Ijust got a call from my broker. And the news is good.
He checked my assets and also my deficits and concluded that I'm not poor.
This is a relief since we live in an era in which it is definitely unfashionable either to be poor or to know someone who is poor.
And yet, I understand that many people enjoy being financially disadvantaged (poor is so, uh, declasse). At least that's what I'm getting from listening to the debate in Congress these days from many congressman, who also aren't poor and have never been poor and who think being "on the dole" means backing a particular presidential candidate.
Here's the gist of the Newtonian plan to solve the problem of poverty in our land:
If we can only get people weaned from welfare -- the quicker the better -- they will go out and work for a living and have everything we have, like two-car garages, property taxes and maybe $12,000 on the MasterCard.
There's no incentive for poor people to do this now, because they've got that $395 welfare check coming in every month. Also those food stamps. And the kids get the free lunch at school.
This is living. Yes, sir.
You get to live in public housing and take public transportation and go to often money-poor public schools.
Who wouldn't want that?
As an example, having your own car is way overrated. Two cars? You kidding? My insurance bills alone are sufficient to feed a family of four, especially a welfare family of four, which isn't eating too much steak. And that's good because too much steak is bad for your cholesterol.
And, look, when your kid comes to you after watching some morning cartoon asking for Game Boy or some other 50-buck toy, if you're poor, you can say, "We just don't have the money, little Johnny." Don't you wish you could say that to your kids? No, you have to go out and buy the sucker when you could have used the money for something important, like a new Nicole Miller tie.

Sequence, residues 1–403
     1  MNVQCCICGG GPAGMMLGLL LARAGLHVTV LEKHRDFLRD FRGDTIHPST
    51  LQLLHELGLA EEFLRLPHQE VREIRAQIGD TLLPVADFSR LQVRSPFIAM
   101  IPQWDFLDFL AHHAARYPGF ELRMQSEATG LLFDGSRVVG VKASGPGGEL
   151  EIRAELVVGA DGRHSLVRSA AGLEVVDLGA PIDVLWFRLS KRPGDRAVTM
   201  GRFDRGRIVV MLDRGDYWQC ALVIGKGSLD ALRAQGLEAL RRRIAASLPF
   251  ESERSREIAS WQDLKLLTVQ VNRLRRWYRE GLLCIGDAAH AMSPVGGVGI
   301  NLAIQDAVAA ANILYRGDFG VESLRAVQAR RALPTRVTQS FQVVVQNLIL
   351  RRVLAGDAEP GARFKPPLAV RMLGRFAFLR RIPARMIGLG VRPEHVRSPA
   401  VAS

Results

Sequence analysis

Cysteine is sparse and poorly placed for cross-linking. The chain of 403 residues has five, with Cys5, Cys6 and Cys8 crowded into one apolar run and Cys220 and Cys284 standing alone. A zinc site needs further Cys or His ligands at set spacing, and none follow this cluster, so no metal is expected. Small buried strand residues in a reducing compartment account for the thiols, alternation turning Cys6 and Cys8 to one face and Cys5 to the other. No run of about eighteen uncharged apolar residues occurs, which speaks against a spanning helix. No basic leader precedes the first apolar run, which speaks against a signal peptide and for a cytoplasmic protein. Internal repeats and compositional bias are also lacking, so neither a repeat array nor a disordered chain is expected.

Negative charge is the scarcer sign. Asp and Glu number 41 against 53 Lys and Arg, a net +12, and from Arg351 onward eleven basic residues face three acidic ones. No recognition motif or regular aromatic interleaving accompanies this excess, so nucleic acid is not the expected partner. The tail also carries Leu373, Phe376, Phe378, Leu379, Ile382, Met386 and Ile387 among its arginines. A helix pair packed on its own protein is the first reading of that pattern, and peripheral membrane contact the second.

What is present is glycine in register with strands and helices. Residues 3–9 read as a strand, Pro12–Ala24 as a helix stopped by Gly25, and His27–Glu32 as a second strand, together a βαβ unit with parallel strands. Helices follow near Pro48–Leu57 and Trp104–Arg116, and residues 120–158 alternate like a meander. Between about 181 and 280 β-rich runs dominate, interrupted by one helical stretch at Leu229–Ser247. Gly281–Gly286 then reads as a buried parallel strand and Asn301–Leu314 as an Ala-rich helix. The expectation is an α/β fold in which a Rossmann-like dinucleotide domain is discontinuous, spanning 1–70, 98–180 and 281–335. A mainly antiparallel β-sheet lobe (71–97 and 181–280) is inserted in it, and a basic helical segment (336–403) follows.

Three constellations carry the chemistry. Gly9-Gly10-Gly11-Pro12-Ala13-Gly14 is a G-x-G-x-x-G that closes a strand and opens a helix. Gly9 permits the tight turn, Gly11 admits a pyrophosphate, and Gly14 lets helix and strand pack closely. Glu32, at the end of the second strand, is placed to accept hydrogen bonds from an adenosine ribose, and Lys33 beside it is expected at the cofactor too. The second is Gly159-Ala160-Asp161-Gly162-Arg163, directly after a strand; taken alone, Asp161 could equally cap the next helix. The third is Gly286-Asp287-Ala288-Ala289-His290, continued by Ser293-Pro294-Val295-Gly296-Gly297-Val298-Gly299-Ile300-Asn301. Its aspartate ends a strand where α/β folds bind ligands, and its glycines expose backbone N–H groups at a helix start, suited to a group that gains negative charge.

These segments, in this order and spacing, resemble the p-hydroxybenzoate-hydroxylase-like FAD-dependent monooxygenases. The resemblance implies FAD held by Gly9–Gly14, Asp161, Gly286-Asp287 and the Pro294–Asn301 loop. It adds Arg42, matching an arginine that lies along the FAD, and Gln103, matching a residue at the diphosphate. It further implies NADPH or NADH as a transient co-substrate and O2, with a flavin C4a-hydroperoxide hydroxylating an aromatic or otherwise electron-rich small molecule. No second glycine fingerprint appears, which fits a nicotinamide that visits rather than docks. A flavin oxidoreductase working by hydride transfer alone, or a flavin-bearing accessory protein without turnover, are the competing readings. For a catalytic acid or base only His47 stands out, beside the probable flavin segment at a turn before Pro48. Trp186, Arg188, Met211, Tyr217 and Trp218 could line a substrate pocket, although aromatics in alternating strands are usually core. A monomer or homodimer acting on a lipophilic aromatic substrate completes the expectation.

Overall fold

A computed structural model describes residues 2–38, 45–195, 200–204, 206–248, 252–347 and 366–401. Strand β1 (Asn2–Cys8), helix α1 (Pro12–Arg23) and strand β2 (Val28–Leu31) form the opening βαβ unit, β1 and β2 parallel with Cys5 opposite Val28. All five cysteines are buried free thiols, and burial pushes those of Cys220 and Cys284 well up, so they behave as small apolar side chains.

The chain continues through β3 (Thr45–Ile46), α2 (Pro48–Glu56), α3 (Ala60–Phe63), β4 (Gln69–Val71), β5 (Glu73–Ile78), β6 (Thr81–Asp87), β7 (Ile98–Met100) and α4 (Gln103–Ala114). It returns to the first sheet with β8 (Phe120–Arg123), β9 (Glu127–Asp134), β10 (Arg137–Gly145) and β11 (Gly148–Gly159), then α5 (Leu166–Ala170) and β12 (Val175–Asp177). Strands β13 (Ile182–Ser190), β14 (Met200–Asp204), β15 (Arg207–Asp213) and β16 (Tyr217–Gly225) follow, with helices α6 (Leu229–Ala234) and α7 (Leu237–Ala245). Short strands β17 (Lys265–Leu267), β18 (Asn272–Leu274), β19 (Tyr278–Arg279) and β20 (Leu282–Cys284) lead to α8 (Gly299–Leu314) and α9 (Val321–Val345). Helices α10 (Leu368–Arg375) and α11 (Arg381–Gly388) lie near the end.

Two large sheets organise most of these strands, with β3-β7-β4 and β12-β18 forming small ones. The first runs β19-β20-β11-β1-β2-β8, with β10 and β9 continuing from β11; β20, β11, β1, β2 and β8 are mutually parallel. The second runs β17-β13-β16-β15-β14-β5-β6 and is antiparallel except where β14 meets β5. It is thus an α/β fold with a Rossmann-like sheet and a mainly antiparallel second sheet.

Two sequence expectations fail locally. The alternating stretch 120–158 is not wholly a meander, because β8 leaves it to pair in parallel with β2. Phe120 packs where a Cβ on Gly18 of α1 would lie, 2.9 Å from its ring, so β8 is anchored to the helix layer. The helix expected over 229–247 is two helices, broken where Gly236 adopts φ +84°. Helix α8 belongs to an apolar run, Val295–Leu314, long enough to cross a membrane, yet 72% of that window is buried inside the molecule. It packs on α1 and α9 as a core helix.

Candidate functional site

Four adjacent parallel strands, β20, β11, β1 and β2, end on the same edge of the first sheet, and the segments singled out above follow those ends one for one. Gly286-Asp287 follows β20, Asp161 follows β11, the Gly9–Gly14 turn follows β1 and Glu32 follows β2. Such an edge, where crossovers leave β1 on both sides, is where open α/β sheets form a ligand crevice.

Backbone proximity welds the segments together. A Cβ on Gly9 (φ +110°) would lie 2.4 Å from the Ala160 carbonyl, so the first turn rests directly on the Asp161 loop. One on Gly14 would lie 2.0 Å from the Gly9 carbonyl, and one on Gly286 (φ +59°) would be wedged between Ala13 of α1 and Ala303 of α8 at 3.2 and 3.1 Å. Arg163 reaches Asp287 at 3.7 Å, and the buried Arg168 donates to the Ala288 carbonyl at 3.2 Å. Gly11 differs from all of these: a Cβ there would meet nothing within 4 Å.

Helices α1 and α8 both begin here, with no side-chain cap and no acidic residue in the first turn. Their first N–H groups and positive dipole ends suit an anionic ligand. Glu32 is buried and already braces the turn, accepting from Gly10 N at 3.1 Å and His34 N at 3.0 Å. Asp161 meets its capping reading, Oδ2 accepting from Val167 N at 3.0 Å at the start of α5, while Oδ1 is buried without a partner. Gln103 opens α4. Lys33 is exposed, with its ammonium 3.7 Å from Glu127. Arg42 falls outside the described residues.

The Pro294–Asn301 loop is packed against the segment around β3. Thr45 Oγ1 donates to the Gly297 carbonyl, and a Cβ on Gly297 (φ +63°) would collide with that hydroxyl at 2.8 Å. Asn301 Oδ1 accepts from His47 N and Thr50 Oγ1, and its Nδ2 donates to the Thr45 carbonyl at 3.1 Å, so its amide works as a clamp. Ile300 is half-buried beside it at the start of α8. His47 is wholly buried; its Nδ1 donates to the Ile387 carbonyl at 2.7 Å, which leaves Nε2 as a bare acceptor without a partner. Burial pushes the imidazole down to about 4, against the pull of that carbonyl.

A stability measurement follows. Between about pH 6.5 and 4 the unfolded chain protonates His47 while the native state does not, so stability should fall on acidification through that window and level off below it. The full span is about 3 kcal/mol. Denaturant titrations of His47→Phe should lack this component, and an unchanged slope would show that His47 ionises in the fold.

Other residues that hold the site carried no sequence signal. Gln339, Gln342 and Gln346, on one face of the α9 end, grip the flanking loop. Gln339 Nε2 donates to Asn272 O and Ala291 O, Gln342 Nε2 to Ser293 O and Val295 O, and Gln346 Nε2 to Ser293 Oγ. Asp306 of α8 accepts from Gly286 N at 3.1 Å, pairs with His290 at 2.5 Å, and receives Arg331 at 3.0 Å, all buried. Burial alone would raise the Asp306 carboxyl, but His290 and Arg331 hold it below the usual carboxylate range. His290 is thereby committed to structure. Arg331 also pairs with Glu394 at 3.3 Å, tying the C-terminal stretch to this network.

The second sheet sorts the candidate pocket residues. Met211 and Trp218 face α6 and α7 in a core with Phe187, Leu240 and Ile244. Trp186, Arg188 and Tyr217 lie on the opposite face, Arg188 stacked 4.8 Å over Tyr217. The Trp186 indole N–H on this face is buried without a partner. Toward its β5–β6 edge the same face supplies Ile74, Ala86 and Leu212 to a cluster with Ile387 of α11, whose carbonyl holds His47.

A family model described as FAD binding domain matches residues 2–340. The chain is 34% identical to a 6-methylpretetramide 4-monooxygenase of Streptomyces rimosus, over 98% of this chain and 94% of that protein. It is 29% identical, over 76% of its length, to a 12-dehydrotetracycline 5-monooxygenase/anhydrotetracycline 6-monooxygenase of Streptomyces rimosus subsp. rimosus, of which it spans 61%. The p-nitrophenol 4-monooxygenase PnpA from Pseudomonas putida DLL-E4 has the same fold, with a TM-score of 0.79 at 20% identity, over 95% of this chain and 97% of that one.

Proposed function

Meaning, let's get all those welfare moms working, so they can face the same problems the rest of us do.
And while we're at it, let's take food stamps out of the hands of the federal bureaucrats (if they lose their jobs, will they have to go on welfare?) and into the hands of the state bureaucrats, who are obviously so much closer to the situation. And if the states eventually have to cut back on food stamps, well, let those little kids tighten their little belts.
(By the way, Rush Limbaugh said we -- meaning, the liberal media -- should stop lying about the Republican school-lunch program. So I'm pledging now: No more lies. Because if there's anyone who should be an expert on lunches, it's Rush Limbaugh, who, I'm guessing, has rarely missed a meal of any description.)
Here's the interesting part -- and it's true, Rush, I swear. Part of the money that is being saved in the welfare-reform plan would be used to help pay for a tax break for people with children and who make as much as $200,000. No, seriously.
The Contract with Normal Americans calls for a $500 tax credit for each child of each family making no more more than $200,000.
If you're poor, you don't get the credit. Which is another incentive to get off welfare and get a job, say, as a stock boy or maybe a stock broker.
You're probably asking: Why would someone who makes that much money need a tax credit for his kids?
Enterprising reporter that I am, I found such a person. He was shopping. For a BMW.
"Are you nuts?" he said.
"Here's a secret I'm going to share with you. I used to be, well, barely lower-upper-middle class. It was hard. We had to do without certain things. Imported beer. A fax machine. Me and the wife would get single cappuccinos, instead of doubles.
"The kids? We would go for months without shopping at GapKids. The other kids at school would make fun of them. But, hey, that's life, isn't it?
"Finally, we made a little money. We leased ourselves his-and-her Beamers. And his-and-her cell phones. We got a big house. Put the kids in private schools. Took up golf. But here's the funny part, we still don't have any money. That's the secret I was talking about. The more money you make, the more you need.
"I'm making about 180 grand. But it's not enough. If I got that $500 credit, I'd put it down on a big-screen TV. Isn't that what made America great?"